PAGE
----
Thoughts on the 2016 BiiG Conference (CSC), ICBA Annual Conference, and CAMEX
As a sales and marketing leader, I have an intense curiosity about the trends, changes, and innovations that shape business in general, and our industry in particular. So it was with great interest that I approached the idea of being on the road for three out of six weekends during February and early March to attend the BiiG conference in Toronto, the ICBA Annual Conference in Orlando, and CAMEX in Houston. Beyond the obvious benefit of meeting with many of our clients, I look forward to industry conferences to listen to what our industry is saying and to learn how Nebraska Book Company can become the best possible resource to help you overcome the challenges you face in an increasingly changing business environment.
Here are my thoughts on some reoccurring themes I heard during the spring conference season:
Transformational Change. There is no doubt that our industry is changing more rapidly today than ever before, and the massive amount of changes that have occurred over the past five years will be surpassed only by the changes we can expect over the coming two to three years. Changes happening at an exponential rate isn’t what is surprising. Rather, the amount of great information available to us about how to manage change was a pleasant surprise. Larry Johnson’s CAMEX session on Mastering the Storm of Change provided great insight into the process of change management, and several other sessions addressed the need for innovation in the face of change. I have long believed that while change can lead to uncertainty and in some cases fear, change is a catalyst for opportunity, growth, and prosperity for those who embrace it. NBC has stepped up to the challenges of change in our industry, and we look forward to helping our clients weather the storm of increasing change in your business.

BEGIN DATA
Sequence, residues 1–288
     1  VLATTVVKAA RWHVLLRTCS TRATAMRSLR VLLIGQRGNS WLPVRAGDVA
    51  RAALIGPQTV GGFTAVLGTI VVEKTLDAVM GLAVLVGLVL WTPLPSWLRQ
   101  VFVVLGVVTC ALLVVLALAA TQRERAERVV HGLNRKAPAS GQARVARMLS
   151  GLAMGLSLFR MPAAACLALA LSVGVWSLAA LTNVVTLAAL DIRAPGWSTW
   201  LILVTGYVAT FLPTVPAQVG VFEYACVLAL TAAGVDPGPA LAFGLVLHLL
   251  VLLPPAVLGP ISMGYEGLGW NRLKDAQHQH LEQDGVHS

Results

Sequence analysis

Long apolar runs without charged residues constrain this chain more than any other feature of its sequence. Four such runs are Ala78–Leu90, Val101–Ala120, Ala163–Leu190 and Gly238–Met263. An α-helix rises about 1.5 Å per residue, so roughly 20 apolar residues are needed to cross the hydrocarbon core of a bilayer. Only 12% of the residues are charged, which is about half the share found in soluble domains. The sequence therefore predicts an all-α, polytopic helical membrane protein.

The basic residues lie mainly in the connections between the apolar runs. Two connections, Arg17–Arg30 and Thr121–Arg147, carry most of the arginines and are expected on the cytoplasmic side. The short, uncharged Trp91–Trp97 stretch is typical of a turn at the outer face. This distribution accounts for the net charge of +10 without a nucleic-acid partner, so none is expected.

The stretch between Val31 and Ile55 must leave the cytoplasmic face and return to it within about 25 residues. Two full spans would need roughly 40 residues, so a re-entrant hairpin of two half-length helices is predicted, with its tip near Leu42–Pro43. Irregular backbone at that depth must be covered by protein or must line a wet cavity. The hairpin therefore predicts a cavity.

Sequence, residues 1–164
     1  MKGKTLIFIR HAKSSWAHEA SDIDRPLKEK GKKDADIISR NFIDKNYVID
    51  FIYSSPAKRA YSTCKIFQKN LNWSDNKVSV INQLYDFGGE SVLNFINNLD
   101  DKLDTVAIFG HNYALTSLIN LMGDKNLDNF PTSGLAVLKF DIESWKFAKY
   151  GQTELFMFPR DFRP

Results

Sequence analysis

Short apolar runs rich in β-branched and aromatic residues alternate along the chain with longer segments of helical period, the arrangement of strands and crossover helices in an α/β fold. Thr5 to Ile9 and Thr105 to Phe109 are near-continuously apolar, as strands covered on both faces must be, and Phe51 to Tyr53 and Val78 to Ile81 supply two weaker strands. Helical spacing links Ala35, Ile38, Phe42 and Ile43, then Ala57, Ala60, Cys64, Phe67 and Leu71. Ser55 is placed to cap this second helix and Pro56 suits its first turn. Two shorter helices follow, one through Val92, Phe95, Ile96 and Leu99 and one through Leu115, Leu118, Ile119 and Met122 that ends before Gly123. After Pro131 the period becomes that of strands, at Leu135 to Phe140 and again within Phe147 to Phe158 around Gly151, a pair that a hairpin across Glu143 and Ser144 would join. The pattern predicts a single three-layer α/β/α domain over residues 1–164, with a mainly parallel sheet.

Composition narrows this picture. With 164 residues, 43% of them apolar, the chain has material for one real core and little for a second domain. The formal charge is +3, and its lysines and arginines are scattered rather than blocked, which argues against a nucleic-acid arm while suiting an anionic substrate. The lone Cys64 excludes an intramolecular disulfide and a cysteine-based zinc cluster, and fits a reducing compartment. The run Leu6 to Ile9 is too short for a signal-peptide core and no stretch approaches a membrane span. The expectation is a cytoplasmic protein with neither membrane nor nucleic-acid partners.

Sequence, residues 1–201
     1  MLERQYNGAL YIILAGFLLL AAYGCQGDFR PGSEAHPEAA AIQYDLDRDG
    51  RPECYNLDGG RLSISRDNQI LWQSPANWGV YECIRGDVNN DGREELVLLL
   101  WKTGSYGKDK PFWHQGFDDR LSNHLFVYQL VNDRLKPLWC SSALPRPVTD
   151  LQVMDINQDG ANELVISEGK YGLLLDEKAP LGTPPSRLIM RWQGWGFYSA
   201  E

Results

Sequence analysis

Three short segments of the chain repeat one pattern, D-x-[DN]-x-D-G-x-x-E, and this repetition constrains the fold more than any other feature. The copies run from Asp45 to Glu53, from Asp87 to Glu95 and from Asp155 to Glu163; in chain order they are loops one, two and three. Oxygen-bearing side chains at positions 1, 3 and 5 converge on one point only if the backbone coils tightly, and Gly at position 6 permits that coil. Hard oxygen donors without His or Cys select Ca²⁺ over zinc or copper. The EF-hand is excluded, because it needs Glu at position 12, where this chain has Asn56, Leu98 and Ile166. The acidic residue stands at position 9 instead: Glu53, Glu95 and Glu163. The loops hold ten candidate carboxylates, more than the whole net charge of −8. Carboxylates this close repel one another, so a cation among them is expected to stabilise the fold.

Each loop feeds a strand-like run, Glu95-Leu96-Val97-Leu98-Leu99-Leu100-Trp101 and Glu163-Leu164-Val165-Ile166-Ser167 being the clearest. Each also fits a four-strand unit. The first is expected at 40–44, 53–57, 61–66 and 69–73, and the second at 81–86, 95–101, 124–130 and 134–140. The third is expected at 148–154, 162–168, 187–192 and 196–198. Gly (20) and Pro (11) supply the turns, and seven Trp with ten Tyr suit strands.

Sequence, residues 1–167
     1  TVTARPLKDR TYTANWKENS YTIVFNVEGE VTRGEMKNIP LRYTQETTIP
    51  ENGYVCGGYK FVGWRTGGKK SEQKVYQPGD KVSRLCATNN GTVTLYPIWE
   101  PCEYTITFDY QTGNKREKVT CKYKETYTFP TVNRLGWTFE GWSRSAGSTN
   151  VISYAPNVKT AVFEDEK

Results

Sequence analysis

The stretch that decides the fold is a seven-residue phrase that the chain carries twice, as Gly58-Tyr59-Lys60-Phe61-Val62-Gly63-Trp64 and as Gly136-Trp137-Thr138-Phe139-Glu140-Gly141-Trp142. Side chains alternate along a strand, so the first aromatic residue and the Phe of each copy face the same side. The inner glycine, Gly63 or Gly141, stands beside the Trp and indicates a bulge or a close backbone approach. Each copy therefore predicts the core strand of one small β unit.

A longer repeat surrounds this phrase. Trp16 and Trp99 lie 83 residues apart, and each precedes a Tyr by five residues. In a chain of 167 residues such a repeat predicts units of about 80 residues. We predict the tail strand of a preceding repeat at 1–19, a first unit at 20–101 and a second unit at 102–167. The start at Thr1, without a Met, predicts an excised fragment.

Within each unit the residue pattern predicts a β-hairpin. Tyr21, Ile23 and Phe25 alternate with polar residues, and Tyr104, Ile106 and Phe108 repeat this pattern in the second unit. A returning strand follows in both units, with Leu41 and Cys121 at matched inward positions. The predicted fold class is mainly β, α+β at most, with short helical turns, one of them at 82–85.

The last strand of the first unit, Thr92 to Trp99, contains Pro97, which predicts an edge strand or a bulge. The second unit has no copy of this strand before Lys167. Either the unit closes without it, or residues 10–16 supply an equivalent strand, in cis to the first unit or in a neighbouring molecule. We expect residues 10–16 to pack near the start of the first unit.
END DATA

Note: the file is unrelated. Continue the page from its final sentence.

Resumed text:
Destination and Experience. All three conferences featured sessions about the changing demographics and expectations of the future college student. No longer is it enough to stock the books and apparel that college students need. Rather, we must adjust and offer customers the shopping experience they expect. Whether in-store or online, customers have higher expectations than ever, and unless those expectations are met, they will spend their dollars elsewhere. As a result, many of our clients are looking for ways to transform their campus bookstore into something more—a campus destination where students migrate to, not because they have to buy books, but because they WANT to visit the store for an event, an appointment (in-store technology classes for example), and because doing so meets their expectations of what a college experience should be. At CAMEX, Andre Mallie, Assistant Vice President of Auxiliary Services at the University of San Diego (USD), provided an update on the now-completed “College Store of the Future” as an example of how he transformed his vision of the store of the future into reality. NBC was proud to be a strategic partner to USD throughout the Torero store’s transformational process, and we look forward to working with many more of our forward-thinking customers who desire to transform their college bookstore into a valued destination on campus.